I really love the Marvel universe, and especially “Guardians of the Galaxy.” I watched GOTG 1 and 2 on a long-haul flight in the Before Times and had to be shushed for laughing so hard. But I’m not particularly loyal to Marvel. Right now, for example, I’m churning through “Jupiter’s Legacy” on Netflix.
These movies and shows scratch an itch in me: the itch for clarity. Good, evil, great power, great responsibility, etc. No question about who I’m cheering for. Superhero movies -- even when they try to create complex, layered, conflicted characters -- always make it abundantly clear who is the good guy and who is the bad.
Here in the real world, I often find myself wishing for that same level of clarity. With all the complexity and uncertainty in the world, it’s a huge relief when something, anything, can be readily identified as friend or foe.
One of the few things that fit that bill in the past decade was Citizens United, the 2010 Supreme Court ruling that allowed corporations to spend unlimited private money in support of political causes. It’s an easily detestable decision, one which had the effect of “weaken[ing] political parties while strengthening single-issue advocacy groups and Super PACs funded by billionaires with pet issues,” according to a study done this year.
Which was why I found it so frustrating, a few years ago, to listen to an episode of the ”More Perfect” podcast in which they broke down how we got to Citizens United, and the arguments for and against. I wanted to know who the bad guy was and hate cleanly -- but I couldn’t. Based on the outcomes, I still believe it was a terrible decision, but I understand the rationale.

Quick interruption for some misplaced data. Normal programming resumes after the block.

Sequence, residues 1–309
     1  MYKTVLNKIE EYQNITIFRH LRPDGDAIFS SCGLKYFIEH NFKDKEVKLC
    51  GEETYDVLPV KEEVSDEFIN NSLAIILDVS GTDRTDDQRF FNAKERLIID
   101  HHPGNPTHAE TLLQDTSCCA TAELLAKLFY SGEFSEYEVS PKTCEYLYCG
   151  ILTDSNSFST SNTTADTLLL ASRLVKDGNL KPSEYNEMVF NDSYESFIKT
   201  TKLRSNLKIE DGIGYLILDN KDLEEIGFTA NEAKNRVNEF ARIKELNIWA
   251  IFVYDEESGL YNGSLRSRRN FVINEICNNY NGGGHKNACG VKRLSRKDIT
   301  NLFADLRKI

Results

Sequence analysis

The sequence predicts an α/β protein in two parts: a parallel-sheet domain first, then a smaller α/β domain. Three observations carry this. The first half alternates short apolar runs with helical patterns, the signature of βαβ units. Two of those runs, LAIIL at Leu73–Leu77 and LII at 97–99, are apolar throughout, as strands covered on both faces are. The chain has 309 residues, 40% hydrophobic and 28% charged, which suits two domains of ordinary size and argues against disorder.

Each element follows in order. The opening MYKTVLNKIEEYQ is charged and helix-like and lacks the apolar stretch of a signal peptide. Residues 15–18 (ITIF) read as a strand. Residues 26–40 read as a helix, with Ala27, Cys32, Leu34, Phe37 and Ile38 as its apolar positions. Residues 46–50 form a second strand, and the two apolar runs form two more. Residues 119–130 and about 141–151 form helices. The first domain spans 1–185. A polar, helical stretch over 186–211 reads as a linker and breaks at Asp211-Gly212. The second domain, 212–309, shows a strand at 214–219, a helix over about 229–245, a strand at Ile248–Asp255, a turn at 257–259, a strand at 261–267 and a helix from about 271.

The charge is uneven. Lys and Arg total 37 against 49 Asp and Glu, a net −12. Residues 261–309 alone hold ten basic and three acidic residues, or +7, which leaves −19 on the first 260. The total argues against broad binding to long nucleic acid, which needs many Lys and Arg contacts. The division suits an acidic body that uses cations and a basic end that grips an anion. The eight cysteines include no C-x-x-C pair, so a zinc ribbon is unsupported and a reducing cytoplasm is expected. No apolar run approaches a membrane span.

I’ve got the same internal struggle when it comes to social media and its ability to control who gets to speak and who doesn’t. It’s a topic that’s back in the news this week, with Facebook realizing it might not be the smartest policy to only allow really important or famous people to incite violence.
It seems obvious that if someone is really important or famous, they should be held to a higher standard, not a lower one. But Facebook’s take has always been to weight the “newsworthiness” of a post or action against its propensity to cause harm.
Facebook is now abandoning the newsworthiness piece of the puzzle. If your content has sufficient propensity to cause harm, you should find yourself on the outside of the walled garden no matter who you are.
Simple. Clean. An unequivocal good move. Why don’t I feel more elated?
Maybe it’s because it shouldn’t come down to one young, unelected, tech billionaire to decide what has the propensity to cause harm -- to effectively be the Supreme Court of the World.
Maybe it’s because it is patently obvious that Facebook doesn’t yet have the ability to credibly distinguish what has the propensity to cause harm. Just last week, for example, it deleted, because of “nudity,” archival images of people in traditional dress in Papua New Guinea.
I’m cherry-picking, of course. Facebook strategists will tell you they successfully deal with the vast majority of objectionable material, that their AI scanners pick it up and prevent it from going viral. But they can’t distinguish between someone in traditional dress and pornography.
Removing the newsworthy exemption may be a much-needed step in the right direction, but Facebook is definitely not a safety superhero.